This is the first of a series of posts on how to be a VIC (very important client) to your translator(s). There is no shortage of tips out there on how to be the best at what you do. But how about enabling others to give you their best? If you want the best translators to work for you, you should try to be their best client too.
One obvious rule is respect, and this shows most in the way you communicate.
When requesting an urgent quote, you’ll be grateful that the translator replies within 30 minutes rather than 3 hours later. In return, don’t let them wait 3 days for a reply, or worse still, wait for them to chase you up to tell them that your project has been delayed, postponed or cancelled. If you’re busy, so are they, and they need to know what’s coming to manage their availability for other clients. Whether you’re interested in their quote or not, it is only considerate to let them know what happens next. No one likes to be stood up.
Coming up with excuses for your late response doesn’t help either. The fact that your passport was stolen last week (which is not the translator’s problem anyway) is no reason for not replying to a 3-week old email. A simple apology is all that’s needed. Better still, drop a line of acknowledgement when you first receive the email. It doesn’t take a minute to type “Thanks. I’m busy right now but I’ll get back to you by the end of the week”, and it will avoid a chase-up call at an inconvenient moment later.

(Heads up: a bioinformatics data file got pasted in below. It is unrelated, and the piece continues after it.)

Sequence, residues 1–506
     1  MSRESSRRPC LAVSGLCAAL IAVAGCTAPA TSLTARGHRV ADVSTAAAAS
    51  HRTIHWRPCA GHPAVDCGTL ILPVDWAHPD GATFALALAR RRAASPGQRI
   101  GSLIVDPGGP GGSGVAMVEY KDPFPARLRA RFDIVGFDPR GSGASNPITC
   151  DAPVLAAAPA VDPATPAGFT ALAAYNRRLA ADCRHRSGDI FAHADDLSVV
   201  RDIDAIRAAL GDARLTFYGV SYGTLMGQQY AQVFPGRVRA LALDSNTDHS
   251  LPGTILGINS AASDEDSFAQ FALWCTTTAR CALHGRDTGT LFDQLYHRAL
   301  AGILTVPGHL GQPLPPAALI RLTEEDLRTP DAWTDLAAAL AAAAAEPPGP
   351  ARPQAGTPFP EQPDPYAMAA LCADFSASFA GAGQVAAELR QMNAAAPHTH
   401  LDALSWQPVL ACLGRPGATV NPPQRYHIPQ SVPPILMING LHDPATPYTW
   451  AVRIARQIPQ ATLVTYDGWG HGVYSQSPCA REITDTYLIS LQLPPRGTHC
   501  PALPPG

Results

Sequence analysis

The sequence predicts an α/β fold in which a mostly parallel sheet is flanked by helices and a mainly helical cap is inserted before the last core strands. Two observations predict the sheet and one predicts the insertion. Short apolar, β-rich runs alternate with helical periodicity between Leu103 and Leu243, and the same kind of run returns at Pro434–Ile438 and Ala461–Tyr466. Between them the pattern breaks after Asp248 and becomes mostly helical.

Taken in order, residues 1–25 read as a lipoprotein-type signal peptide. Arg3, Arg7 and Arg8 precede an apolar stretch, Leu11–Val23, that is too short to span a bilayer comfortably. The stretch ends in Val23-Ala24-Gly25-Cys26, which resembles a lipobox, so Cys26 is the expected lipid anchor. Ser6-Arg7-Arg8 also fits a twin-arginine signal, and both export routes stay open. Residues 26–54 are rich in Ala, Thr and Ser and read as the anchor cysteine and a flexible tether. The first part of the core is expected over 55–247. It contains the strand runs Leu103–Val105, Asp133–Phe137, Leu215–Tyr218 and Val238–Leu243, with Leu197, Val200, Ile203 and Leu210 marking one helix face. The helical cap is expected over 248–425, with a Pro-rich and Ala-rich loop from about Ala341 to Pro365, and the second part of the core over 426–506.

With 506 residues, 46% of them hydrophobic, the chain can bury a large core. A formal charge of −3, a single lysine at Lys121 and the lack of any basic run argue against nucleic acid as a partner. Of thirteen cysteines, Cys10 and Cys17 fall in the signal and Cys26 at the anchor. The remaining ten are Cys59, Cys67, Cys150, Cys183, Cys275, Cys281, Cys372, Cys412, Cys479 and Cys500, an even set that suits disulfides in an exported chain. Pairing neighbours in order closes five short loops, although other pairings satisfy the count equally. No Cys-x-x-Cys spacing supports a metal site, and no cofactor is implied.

Finally, do let your translator know when you received the translation(s). We don’t like chasing any more than you like being chased. However, we like to make sure that our work did not get held up in web-limbo or inadvertently end up in your spam folder. A quick “thanks” will always be appreciated.
Poor communication is frustrating and off-putting. Letting others know is basic courtesy and your consideration for people’s time will encourage them to repeat their efforts for you whenever you might need their help again. So keep in touch!
Photo: PNC/Brand X/Corbis